Glide in real world hull speed

-- Last Updated: Jun-16-16 8:13 PM EST --

Have read a couple a post recently here about kayak speed. Have not come across what some call GLIDE in the post. Not wanting to hijack other threads have decide to start my own and ask why is this not a consideration.

What is glide? It is how well the hull keeps moving between strokes. At a lower strokes per minute this is important.

Way back in my younger days a Jensen racing canoe was fast but now in my older days a DY designed Wildfire has the same speed with me as a motor. A Mohawk 14 solo is about 30% slower than the other two. At about the same cadence the Wildfire stays in motion longer than both the Jensen racing canoe and the Mohawk solo 14. If I could generate the strokes per minute to keep the Jensen racing canoe up on the plane or wave then it would be the fastest.

For most of us the wetted area and glide comes in
to play more than what the maximum hull speed we do not have the bodies to maintain.

How do you use math to describe glide and
how to look at a hull shape for it?

sorry to burst your bubble

– Last Updated: Jun-16-16 8:11 PM EST –

The Jensen is faster ( 1.55x waterline length) The Wildfire being shorter has less skin.

What has happened is you changed. Paddling is a partnrship between craft and you. You got older and generate less horsepower. You no longer can overcome the skin friction of the Jensen as well

Be glad you can paddle
Glide is a function of hull smoothness too. The more wrinkled you or your boat are the slower you go.

A quibble on terminology

– Last Updated: Jun-16-16 8:19 PM EST –

I don't think you are talking about glide and hull speed. When at hull speed, your boat will slow down quite a lot within an instant of when you cut the power. There's just too much resistance when you are going that fast. The faster you go, the more pronounced the deceleration will be between strokes (that's the main reason racers use a very high stroke rate). It's at much slower speeds where you can really make use of glide. In fact, if you ever decide to just glide as far as you can, you'll see that the majority of the distance is covered at a snail's pace because the slower you go, the less you decelerate (because resistance decreases too).

of mouth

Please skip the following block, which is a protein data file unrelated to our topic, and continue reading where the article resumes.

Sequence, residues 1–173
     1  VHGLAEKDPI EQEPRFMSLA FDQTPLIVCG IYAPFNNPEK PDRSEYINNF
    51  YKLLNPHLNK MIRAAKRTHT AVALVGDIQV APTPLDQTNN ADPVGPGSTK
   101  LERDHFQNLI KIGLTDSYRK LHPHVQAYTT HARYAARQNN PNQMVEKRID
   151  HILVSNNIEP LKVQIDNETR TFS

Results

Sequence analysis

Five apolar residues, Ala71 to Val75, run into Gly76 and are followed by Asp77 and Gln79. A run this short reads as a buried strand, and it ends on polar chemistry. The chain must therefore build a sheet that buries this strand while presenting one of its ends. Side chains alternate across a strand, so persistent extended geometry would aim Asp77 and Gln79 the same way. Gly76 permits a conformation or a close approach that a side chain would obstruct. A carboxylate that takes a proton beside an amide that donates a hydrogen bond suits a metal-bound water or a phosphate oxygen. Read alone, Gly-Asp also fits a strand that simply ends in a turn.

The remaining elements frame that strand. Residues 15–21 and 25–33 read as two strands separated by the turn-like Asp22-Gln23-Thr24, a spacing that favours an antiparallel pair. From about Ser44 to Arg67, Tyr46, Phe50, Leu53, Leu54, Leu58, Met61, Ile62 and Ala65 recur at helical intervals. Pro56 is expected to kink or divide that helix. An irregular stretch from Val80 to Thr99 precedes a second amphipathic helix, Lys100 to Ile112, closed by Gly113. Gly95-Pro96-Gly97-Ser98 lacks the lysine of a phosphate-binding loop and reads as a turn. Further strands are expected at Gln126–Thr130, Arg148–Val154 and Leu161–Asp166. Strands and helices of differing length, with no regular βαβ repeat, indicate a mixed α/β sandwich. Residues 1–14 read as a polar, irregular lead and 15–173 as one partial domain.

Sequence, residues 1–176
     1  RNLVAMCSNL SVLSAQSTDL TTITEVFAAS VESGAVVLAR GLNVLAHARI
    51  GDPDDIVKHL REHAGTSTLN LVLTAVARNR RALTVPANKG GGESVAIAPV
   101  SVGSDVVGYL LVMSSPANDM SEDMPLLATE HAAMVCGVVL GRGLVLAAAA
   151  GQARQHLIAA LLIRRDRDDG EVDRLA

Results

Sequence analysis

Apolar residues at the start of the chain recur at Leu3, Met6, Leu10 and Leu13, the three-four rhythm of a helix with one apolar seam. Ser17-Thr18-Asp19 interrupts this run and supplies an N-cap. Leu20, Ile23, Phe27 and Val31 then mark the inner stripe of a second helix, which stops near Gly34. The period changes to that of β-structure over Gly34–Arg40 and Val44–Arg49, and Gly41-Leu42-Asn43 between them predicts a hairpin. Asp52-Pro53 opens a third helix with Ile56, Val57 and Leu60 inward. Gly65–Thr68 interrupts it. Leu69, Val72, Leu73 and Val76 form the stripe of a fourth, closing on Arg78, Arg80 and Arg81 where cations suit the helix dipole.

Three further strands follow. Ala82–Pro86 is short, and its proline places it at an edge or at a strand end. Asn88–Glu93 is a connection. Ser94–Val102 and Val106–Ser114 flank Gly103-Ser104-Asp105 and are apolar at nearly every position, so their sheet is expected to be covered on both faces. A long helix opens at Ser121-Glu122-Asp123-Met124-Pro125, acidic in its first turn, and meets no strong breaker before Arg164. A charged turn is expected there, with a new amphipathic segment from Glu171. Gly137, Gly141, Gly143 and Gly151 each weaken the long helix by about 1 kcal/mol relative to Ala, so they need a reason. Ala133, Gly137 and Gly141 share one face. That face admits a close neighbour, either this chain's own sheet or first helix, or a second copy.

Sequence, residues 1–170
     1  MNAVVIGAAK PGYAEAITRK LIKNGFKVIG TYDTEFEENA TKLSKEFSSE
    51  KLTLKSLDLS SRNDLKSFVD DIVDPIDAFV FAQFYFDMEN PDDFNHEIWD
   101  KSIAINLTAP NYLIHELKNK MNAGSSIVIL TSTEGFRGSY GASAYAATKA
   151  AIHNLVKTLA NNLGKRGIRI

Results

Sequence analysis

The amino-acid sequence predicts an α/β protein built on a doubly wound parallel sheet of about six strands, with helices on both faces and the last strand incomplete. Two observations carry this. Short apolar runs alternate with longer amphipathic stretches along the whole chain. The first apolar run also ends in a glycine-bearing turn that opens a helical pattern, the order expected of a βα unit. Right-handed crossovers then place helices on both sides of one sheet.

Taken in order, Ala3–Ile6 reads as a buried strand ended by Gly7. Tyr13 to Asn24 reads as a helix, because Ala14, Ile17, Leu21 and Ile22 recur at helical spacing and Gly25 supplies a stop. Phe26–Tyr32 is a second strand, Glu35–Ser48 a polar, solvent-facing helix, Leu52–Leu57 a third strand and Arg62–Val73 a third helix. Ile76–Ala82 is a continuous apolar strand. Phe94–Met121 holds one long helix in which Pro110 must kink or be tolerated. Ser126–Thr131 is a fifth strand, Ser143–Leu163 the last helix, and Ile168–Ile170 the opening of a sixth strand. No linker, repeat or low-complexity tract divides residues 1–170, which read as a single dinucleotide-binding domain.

You could probably fit a function of
Glide being proportional to the inverse of cross sectional area at or below the water line plus a less important factor of the inverse of total wetted surface area.

In other words look for a narrow profile that floats enough to keep the minimum wetted surface area and long enough to have reasonable hull speed.

Paddling stand up paddle boards is a great way to get a feel for hull shape design and what gives you maximun glide for physical output.

list ? top ten
non racing gliders ?–635

thru or over
A quote from your link about power boats:

“When a vessel’s bow drives into a head sea it can do two things: go through the wave or over it. Flared bows are designed to go over the wave, but in order to do so, they need additional engine power to first drive the yacht up the face of the wave and then over it. Wave piercing bows tend to go through the wave and usually have the main deck located high enough that the crest of the wave will not climb upwards onto the deck.”

I think there is an analogy to sea kayaks in head seas. My Solstice GTS went up and over, but my plumb bow QCC 700 goes through, or at least does not rise up as much. I think the QCC is much more efficient in head seas when one is going much slower than hull speed.

This has nothing to do with the glide question of the OP.


– Last Updated: Jun-18-16 7:04 PM EST –

flares going over but always in the water...there's a rise up then thru the crest. We've submerged in troughs then popped out...the flare could be a component of the buoyant pop out design.

The QCC and the powered motor hull would be more under control of the sea when 'piercing' but gliding over in touch the the water as before..or after...the hull is poised for your next move.

Not gliding but I wanted to throw out a base line.

Sure, glide would be less wet area, longer in the act of reducing eddy drag from fishbelly to stern, less deflection from side forces, less less....

Idea Glide occurs in a zone less than hull speed suggests eddy drag from fishbelly back to stern is a primary factor producing Glide....? in the 3/5th's area ?

Are there interviews or writings from/with Jensen or fellow designers ?

downside up

the Russian Gazpout Lemans car